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When I found out I was pregnant with my first child, I was like many first time moms trying to read everything I could about how to have a healthy pregnancy. From what to eat and what to avoid, which exercises were safe and the healthy habits to start during pregnancy, there’s a ton of information.

Learning as much as you can is a great idea, but also keep in mind that every pregnancy is different so give yourself grace.

While your original goal may have been to completely overhaul your diet for example, between morning sickness and food aversions, saltine crackers may be all you can stomach right now.

Still, there are so many small changes you can make during your pregnancy that can have a long-lasting, positive impact on you and your baby. Read on for 9 healthy habits to start during pregnancy.


If you’re feeling nauseous or have some pretty strong pregnancy cravings, it can be challenging to eat healthy, especially during your first trimester.

Yet doing your best to focus on real, whole foods and limit the amount of processed foods is the key to a healthy pregnancy.

Eating a healthy, whole foods diet will help satisfy your hunger, keep your blood sugar levels steady and help fight fatigue.

Eating a whole-foods diet can also help you avoid gaining more than the recommended amount of weight, and can help reduce the risk of complications.

Interestingly, eating healthy foods may encourage your child to have healthy eating habits. In fact, a 2001 study in the journal Pediatrics found that babies whose mothers drank carrot juice during the last trimester of pregnancy had fewer negative reactions when they were fed carrot-flavored cereal when they were weaning.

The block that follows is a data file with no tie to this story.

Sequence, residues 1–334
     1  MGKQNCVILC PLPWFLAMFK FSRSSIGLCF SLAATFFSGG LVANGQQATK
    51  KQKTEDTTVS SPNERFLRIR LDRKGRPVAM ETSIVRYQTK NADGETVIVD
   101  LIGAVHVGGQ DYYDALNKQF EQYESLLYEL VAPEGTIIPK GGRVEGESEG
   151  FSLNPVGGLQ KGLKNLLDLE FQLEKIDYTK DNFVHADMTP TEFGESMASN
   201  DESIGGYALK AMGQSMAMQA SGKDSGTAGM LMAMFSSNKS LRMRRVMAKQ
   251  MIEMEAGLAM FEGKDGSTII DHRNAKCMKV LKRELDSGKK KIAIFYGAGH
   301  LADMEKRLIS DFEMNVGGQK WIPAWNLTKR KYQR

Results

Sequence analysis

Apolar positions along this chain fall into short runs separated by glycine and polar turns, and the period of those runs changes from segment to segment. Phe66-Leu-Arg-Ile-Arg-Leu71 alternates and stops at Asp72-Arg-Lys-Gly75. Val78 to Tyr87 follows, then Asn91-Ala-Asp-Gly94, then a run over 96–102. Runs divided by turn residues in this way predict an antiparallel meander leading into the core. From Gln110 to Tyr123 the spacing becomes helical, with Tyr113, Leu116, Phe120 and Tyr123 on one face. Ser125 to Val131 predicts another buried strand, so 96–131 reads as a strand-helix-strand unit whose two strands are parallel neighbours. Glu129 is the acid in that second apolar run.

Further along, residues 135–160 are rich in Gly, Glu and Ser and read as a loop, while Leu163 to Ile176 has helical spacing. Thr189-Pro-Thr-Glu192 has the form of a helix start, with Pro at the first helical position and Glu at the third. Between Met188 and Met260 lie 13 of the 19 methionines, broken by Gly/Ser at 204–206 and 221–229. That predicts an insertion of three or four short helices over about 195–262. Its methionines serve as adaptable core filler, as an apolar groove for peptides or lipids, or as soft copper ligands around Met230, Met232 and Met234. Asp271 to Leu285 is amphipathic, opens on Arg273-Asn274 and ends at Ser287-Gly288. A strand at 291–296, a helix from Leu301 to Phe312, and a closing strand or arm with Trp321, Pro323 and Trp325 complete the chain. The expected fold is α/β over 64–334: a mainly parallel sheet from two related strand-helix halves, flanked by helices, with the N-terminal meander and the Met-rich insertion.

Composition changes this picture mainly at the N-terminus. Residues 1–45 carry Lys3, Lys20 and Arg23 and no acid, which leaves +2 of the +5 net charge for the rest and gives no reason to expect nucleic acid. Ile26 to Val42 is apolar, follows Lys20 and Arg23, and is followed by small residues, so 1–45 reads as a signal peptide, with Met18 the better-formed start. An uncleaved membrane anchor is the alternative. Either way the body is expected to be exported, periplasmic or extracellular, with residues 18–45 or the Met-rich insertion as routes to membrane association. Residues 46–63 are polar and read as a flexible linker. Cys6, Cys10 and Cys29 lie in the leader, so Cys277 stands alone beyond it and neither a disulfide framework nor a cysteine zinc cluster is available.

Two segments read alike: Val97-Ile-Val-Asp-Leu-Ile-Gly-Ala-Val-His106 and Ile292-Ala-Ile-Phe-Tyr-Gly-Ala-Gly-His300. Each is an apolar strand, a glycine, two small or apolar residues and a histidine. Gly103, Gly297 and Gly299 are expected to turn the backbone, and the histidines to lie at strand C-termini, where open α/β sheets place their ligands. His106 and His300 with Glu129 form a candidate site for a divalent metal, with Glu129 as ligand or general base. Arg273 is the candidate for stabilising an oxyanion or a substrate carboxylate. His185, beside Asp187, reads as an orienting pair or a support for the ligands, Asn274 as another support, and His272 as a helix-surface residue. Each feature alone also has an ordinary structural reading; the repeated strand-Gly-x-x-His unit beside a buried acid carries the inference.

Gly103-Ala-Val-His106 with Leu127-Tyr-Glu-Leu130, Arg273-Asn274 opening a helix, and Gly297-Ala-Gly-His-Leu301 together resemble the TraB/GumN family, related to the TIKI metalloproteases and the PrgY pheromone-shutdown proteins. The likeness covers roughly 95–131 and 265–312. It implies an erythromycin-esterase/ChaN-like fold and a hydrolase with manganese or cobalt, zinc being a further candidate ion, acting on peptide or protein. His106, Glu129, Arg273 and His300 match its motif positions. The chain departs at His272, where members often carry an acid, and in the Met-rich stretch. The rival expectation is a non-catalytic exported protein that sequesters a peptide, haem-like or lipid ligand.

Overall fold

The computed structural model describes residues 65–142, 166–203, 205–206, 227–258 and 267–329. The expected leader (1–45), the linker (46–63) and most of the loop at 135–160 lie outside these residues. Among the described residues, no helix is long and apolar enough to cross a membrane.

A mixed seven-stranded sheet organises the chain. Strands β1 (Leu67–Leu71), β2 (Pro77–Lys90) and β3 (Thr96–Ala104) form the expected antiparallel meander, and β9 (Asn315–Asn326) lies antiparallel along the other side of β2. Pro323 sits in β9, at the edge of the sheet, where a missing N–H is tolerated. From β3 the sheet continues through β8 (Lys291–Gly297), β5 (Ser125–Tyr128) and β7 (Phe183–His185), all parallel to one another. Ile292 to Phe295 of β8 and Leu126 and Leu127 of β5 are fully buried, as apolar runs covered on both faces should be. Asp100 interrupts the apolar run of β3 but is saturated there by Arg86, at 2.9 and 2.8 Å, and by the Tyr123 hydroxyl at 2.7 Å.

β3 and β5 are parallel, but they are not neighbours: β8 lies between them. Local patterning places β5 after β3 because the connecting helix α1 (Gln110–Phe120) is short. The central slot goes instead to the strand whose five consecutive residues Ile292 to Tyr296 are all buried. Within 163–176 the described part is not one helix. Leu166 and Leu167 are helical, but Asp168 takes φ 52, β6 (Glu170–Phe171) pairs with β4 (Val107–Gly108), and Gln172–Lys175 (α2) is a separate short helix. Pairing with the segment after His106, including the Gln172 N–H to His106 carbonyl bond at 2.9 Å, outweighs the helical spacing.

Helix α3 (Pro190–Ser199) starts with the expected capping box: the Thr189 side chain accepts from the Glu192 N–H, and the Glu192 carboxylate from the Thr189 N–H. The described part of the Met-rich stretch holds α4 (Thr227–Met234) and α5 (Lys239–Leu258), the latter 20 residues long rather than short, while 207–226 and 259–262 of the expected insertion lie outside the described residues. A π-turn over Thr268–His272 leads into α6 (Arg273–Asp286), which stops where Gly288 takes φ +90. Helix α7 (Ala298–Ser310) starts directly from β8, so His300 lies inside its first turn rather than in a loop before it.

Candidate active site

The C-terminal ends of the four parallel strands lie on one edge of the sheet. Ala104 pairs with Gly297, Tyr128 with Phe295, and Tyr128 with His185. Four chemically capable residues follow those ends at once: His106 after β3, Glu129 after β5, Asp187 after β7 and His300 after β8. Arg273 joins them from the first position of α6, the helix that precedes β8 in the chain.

Adopting a healthy, whole-foods diet during pregnancy also establishes a habit you can stick with after your baby is born and that you can model for your family.

Aim to consume between 2 to 3 servings of vegetables and 2 servings of fruits, as well as lean protein, whole grains and healthy fats to get the nutrition you need.


Staying hydrated during pregnancy aids digestion and the absorption of nutrients, supports your baby’s circulation, your amniotic fluid, and higher blood volume. 

Drinking enough water can also help prevent urinary tract infections (UTIs), constipation, headaches, and swelling.

According to the National Academies of Science, Engineering, and Medicine, women should drink between 8 to 10 glasses of water a day during pregnancy. Also, be sure to drink water before, during, and after your workouts.

Drinking plenty of water can also help you lose the baby weight, give you a boost of energy, and is overall one of the best healthy habits to start during pregnancy.


Picking out the perfect stroller, shopping for baby clothes, and setting up the nursery all take time, but getting in the habit of meal planning is also a great idea to start while you’re pregnant.

Once your baby is born and you’re in the midst of 24/7 feedings, diaper changes, and sleepless nights, it will be a lot more challenging to make healthy meals.

There are different ways to meal plan. For example, you can batch cook vegetables and grains or make freezer meals ahead of time.